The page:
It's woken me up two nights in a row. It's woken her up too. The question of what to do this fall with the oldest three. Which, if any, school is best? The fear of making that decision spirals into a greater quest. A more burning question. What is the right thing? Where do we go from here? One choice affects the next. And the next. And the next.....
I told her about my sleep interruptions this morning during our quick sister-chat. She laughed. I was awake also Jo, she confided. She was awake too. Knowing us we probably were laying wide-eyed, staring at different ceilings, at the same time. Praying for the same guidance. Desperate for the same peace.
Sisters are like that.
I smiled. Wished she was here. Sitting next to me in my van instead of a time-zone away. I know how much I miss her. But the ache grows larger on days like today when I need her listening ear and tender heart. I long for her hug. I yearn to see her face. Her sharp blue eyes, one of the few sets of lens I have been gifted in this lifetime that can see straight through to my soul. She has seen me, truly seen me, since I the day first held her in my arms when I was only three. Warm, swaddled and beautiful.
So many states away, she still gets me. Knows my heart. Understands my struggle. Believes in my mothering. She is a sister in blood but a secret-keeper in friendship. While Christ acts as my compass, my beloved sister helps blow encouragement to keep me pointing straight.
We got off of the phone today and I headed into the chapel. I sat and prayed. And I wept. I got down on my knees and I thanked God for my sister. Everyone should have a friend like her.
I thought about the Gospel story in Luke about the wise builder. Could this story in Chapter 6 possibly give me insight into where to send Lillian and Lacey to school next year? An illustration of how crucial it is to be intentional in each brick we lay as we build our home. A dwelling that exists here on earth but that determines our road to heaven. Does God have a word for me in this? The foundation we mold for our children must be firm. Consistent. Loving. It requires order. We can't build the roof and put in the windows before the footer is poured. We can't plan where our kids will go to middle school or high school before they've learned their ABC's.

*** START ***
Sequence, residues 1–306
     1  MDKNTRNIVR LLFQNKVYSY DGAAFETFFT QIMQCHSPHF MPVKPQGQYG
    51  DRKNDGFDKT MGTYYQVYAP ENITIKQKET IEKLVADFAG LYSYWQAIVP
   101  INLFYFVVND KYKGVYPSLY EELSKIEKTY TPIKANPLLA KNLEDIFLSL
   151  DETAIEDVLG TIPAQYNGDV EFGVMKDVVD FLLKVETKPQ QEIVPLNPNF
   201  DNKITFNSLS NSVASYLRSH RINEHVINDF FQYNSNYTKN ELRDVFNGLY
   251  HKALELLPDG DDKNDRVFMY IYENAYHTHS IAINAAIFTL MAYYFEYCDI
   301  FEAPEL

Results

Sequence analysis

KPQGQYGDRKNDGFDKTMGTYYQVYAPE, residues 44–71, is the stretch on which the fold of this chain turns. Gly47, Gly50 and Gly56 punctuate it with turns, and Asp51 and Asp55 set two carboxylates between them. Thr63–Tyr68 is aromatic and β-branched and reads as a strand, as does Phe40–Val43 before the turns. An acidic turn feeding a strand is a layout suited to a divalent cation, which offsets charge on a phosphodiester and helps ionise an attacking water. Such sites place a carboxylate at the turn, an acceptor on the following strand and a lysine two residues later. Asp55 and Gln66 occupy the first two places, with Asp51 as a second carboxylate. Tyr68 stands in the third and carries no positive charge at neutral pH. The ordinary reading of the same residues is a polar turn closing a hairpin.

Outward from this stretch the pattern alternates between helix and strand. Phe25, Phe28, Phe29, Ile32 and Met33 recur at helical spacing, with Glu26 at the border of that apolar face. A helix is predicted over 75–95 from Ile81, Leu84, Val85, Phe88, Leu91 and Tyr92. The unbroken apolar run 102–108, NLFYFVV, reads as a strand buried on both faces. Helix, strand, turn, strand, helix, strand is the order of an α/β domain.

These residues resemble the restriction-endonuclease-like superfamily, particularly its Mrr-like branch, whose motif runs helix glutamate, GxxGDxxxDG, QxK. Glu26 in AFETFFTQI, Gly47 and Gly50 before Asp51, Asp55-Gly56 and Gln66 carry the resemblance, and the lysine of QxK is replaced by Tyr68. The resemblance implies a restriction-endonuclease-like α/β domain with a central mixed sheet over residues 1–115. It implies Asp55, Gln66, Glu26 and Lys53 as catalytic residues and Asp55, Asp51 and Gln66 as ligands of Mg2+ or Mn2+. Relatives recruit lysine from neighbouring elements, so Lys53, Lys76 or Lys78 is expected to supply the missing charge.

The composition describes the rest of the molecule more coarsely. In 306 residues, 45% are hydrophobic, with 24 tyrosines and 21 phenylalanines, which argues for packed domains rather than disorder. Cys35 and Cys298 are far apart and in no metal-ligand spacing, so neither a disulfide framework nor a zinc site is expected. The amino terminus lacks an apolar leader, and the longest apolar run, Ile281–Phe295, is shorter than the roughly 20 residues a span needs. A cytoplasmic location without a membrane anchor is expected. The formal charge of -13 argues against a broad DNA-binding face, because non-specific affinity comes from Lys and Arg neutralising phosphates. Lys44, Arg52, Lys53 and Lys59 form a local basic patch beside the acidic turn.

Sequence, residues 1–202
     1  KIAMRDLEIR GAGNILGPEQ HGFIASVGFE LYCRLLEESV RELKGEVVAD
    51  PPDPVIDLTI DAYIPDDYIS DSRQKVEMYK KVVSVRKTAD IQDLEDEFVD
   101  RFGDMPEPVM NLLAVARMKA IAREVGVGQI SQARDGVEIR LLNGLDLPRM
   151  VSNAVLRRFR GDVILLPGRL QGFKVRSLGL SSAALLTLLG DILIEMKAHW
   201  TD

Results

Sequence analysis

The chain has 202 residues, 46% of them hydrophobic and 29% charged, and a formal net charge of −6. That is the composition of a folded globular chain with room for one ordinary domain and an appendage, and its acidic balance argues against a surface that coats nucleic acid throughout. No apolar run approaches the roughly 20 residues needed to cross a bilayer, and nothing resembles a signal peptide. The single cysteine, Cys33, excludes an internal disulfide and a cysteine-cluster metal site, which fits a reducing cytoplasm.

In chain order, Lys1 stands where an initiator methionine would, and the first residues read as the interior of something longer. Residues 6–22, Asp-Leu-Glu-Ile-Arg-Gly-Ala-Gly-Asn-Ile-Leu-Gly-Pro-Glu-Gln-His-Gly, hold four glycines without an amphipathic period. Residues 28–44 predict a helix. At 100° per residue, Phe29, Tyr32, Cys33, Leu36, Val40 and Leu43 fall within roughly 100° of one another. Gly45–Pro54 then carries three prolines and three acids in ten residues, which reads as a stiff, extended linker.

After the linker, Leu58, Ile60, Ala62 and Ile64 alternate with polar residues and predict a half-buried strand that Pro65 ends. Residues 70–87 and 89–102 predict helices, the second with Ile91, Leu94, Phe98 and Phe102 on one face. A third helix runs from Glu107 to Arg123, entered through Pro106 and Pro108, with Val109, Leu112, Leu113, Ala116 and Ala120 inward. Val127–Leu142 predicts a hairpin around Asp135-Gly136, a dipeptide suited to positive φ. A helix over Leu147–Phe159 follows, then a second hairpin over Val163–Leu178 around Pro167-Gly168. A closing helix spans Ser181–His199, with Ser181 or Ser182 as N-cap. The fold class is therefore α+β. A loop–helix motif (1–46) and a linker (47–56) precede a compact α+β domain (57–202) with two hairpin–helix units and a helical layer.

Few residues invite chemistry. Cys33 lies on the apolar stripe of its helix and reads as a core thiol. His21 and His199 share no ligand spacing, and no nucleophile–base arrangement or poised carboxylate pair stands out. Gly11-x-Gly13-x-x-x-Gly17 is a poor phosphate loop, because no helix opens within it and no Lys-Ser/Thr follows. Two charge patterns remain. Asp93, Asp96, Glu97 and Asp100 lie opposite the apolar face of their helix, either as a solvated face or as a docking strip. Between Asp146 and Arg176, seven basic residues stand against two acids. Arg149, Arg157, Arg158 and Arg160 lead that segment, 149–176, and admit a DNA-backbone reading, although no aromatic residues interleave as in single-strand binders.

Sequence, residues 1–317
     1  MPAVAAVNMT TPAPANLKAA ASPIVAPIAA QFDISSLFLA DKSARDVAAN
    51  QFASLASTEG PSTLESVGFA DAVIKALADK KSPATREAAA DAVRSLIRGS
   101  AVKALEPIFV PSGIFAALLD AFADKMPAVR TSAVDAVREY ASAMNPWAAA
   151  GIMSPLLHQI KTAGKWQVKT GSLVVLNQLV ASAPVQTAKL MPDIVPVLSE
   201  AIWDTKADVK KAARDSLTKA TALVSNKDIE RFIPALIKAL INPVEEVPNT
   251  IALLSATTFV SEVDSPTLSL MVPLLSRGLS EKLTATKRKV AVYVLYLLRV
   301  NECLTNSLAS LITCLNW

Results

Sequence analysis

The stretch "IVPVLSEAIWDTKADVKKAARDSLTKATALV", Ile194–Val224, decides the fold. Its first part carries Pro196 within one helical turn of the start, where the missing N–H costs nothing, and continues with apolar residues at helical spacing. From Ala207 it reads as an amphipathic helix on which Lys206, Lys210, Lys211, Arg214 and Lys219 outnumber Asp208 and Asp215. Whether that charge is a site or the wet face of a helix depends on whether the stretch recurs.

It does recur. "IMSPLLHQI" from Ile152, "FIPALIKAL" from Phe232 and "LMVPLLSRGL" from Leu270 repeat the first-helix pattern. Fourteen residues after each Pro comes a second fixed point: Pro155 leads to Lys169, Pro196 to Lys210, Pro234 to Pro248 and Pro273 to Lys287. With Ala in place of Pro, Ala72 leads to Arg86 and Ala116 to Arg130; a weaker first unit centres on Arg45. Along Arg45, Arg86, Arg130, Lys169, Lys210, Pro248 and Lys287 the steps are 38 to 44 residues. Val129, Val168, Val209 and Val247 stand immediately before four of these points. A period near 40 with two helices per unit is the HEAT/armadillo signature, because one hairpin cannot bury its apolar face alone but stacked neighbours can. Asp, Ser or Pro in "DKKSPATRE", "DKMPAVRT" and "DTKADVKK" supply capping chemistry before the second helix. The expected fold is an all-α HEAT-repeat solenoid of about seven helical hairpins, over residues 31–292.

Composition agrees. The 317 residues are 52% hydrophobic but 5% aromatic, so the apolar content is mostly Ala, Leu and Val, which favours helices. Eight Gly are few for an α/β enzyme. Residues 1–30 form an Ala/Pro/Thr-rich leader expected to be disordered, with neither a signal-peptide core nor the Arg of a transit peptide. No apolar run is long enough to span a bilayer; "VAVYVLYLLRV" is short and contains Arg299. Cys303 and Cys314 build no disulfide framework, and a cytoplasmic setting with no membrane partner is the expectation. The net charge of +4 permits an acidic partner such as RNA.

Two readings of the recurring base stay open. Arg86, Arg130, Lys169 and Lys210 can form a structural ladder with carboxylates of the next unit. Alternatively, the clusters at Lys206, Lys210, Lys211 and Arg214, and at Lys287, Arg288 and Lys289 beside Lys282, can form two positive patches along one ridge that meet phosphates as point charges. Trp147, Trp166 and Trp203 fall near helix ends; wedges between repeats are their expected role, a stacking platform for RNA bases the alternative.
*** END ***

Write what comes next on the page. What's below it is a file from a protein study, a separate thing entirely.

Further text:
And this is the lesson that Diana and I are learning and sharing together. Deciding to have the maturity to make one decision at a time. The best choice in the NOW moment. Continuing to pursue the spiritually rich path for our children to know and love and serve Christ. Deciding on next year means laying down the fears about decades to come. It means being prudent in the present. Excited about the now. Purposeful in the gift of today. Breathing in the options and not pining for what could be.
How do we make these big decisions? Especially when we fear one mistake could color our children's future (that is Satan talking by the way...)
We make them one step at a time, knowing each choice, whether small or large, is pointing our feet and our children's feet in one direction.
Either toward Christ or away.
"In our humanity we are often overwhelmed by what we are trying to build, the kind of life we want to have lived when we look back over our days. He suggested rather than compare our meager starting place with the glorious result we aim for, and freeze in the face of an effort of such magnitude, we consider our destination the way a pilot does when plotting his course. We see where we are now, and where we want to end up, and we chart our paths by degrees. Each good choice we make takes us closer to our desired destiny.
The same vector theory applies to poor choices. Poor choices (like a tiny lie, a rationalization, or a lazy effort) may seem small and inconsequential at the outset, but they too are representative of a degree. Consider the trajectory of a course that is a few degrees off at the outset, and how vast the implications are for reaching our final destination.
We may think we are going to Hawaii, and end up at the South Pole. Similarly, we may think we are building a sound career, only to end up bankrupt. We may think we will have a great marriage, only to find ourselves on the brink of divorce. We may think we are in good health, yet get a doctor's report that necessitates life-altering changes. A series of inauthentic choices can lead us into living a life that feels like a total sham.
In all of these cases, we then have to adjust our choices and behaviors, degree by degree, until we get back on course. How much easier to simply choose to be diligent from the outset?" (pg. 151 & 152 "Work in Progress by Kristin Armstrong)
May God give us discernment as we help chart our children's path to their final destination......His kingdom.
"(Mothers) when you lie down, you will not be afraid, when you lie down, your sleep will be sweet." Proverbs 3:24